The end of term was sort of busy for me. With my last day at work rapidly approaching there were a lot of loose ends to tie off, and one of the casualties was the series of Bookaday posts. I’m not happy leaving the series incomplete, so over a month after I last did it, here’s the remainder of June’s books.
June 18 – Bought on a recommendation and June 19 – Still can’t stop talking about it
House of Leaves by Mark Z Danielewski was a book I’d never heard of until a friend recommended it to me. For those who haven’t read it, go out and find a copy. It is a book compiled by editors based on the text of a man who is reconstructing the text of someone who wrote a book about a film made about disappearances at a house. And if that sounds complicated, wait until you start reading the self-referential footnotes. The book freaked me out to read it, and that’s saying something. It is on an Inception level of brain-fuckery and I heartily recommend it.
June 20 – Favourite cover
Growing up the book cover that made the greatest impression on me was this terrifying vision, from A Treasury of Gothic and Supernatural edited by Peter Haining. Just look at that, and tell me that at age 6 you wouldn’t have been enthralled and traumatised at the same time!
June 21 – Summer read
Ernest Hemingway – The Collected Stories from Everyman’s Library Classics. Hemingway is insanely readable, and these short stories are perfect to dip into and out of during long, lazy summer days.
June 22 – Out of print
Rather than select a book which is out of print, I’d like to nominate something that ought to be out of print. The entire 50 Shades trilogy. It commits the grievous sins of being poorly-written fan fiction of a poorly-written book series. And has spawned a whole slew of imitators, with the risk that like a copy of a copy of a copy, they’ll have even poorer writing.
June 23 – Made to read at school
I spent the entire summer between my fifth and sixth years in high school reading Jane Austen as we would be studying her works in Sixth Year Studies English. First day back, our teacher had gone on sabbatical, and the teacher taking over decided we’d read some Thomas Hardy, starting with Tess of the d’Urbervilles. I read it, and it is one of the reasons I quite English that year!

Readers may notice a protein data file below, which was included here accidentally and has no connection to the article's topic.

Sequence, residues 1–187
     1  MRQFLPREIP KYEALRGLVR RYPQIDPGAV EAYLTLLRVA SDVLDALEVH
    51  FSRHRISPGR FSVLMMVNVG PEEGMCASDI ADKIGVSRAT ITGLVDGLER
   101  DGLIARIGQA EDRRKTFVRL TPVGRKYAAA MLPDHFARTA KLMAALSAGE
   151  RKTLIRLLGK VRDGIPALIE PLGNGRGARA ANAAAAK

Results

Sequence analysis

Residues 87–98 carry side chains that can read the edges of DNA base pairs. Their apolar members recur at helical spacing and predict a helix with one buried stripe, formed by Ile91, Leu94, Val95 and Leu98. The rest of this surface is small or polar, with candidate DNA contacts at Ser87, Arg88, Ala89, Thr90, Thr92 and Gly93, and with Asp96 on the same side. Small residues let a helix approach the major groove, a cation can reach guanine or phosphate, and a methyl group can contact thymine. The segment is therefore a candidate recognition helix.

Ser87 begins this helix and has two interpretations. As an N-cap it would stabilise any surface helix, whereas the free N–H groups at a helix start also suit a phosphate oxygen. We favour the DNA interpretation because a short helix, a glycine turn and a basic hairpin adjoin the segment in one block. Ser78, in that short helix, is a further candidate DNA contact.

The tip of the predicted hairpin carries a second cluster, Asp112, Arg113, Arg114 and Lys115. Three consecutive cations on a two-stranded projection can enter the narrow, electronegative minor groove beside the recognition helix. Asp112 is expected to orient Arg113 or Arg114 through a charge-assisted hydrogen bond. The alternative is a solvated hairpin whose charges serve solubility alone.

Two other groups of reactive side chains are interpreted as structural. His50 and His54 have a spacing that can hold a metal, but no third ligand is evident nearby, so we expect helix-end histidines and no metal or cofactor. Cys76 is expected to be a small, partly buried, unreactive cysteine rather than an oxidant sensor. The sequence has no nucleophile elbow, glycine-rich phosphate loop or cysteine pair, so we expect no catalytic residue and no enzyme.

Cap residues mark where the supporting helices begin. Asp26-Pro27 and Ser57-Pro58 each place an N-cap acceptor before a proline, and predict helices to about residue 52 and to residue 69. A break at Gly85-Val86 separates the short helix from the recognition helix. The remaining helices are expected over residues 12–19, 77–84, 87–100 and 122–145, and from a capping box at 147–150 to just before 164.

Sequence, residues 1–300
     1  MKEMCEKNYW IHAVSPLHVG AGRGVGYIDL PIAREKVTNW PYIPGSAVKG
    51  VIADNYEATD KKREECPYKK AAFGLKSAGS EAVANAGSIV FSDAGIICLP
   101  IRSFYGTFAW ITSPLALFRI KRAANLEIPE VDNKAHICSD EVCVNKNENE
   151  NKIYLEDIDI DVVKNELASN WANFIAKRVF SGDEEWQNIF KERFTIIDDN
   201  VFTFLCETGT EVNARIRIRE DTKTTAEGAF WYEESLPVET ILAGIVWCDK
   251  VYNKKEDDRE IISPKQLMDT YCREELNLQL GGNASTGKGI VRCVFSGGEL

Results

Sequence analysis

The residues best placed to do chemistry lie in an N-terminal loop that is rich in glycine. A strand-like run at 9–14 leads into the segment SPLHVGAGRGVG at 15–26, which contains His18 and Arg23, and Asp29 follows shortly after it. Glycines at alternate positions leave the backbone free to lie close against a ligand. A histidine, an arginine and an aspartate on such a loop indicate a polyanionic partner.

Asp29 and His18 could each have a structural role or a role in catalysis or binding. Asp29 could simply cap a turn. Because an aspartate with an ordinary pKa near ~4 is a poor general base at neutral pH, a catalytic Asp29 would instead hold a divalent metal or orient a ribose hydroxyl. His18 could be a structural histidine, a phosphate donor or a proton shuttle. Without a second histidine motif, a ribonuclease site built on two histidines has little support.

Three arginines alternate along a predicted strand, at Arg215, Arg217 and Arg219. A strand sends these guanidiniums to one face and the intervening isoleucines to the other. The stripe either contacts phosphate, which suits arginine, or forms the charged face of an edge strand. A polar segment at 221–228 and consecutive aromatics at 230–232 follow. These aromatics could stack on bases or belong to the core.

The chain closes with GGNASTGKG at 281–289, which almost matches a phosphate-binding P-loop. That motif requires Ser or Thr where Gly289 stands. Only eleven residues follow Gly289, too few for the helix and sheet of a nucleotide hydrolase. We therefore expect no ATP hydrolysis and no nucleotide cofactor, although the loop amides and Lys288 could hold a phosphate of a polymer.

June 24 – Hooked me into reading
The very first post in this series looked at the spooky book which was my childhood favourite. I then go on to mention Lovecraft, Jack the Ripper, The Night Watch and earlier in this post House of Leaves and A Treasury of Gothic and Supernatural. Needless to say, strange and eerie things interest me, and that had a lot to do with my parents buying strange and eerie books for us.
And not always intentionally. We had two books of fairy tales, Brothers Grimm Folk Tales and Hans Andersen’s Fairy Tales, both illustrated by Michael Foreman. The illustrations are striking. Grotesque. Horrific. Amusing. Compelling. They brought to life fairy tales which were not the sanitised Disney versions. Children were chopped to pieces. Heroes blinded and torn by thorns. Devils and Godfather Death stalked the land. The Little Mermaid dissolved into froth, the Wicked Stepmother danced to death in red-hot shoes, the old fisherman lived in a pisspot and made deals with chthonic deities, an early taste of the Lovecraftian. Fearsome beasts had eyes as big as dinner plates and illustrations to match. The pictures fascinated, helped me pay attention when the stories were read to me, and encouraged me to revisit the books over and over as I learned to read.
June 25 – Never finished it
With more books to read than time available, I’ve had to become ruthless. If a book doesn’t hook me by the fourth chapter then I stop reading it. Why force myself through books I’m simply not getting just to say that I’ve read them? Northanger Abbey by Jane Austen is the novel that caused me to institute that rule. I think I got half-way through when I realised I was reading it solely to finish reading it, and not out of any pleasure. I found it dull and struggled to keep my attention on it, until the desire to have it finished was overtaken by the pain of actually having to read it. Well done Northanger Abbey, you broke me!
June 26 – Should have sold more copies
If I may be so bold and uncouth as to slip some advertising in here? Chinese Whisperings: The Red Book should have sold way more… Hell, ALL the eMergent titles should have!
June 27 – Want to be one of the characters
I don’t want to be any one specific character from Sergei Lukyanenko’s The Night Watch, but I’d love to be in that world of using the gloom, of magic and science mixed together, the strange and shifting allegiances of two equally matched magical forces.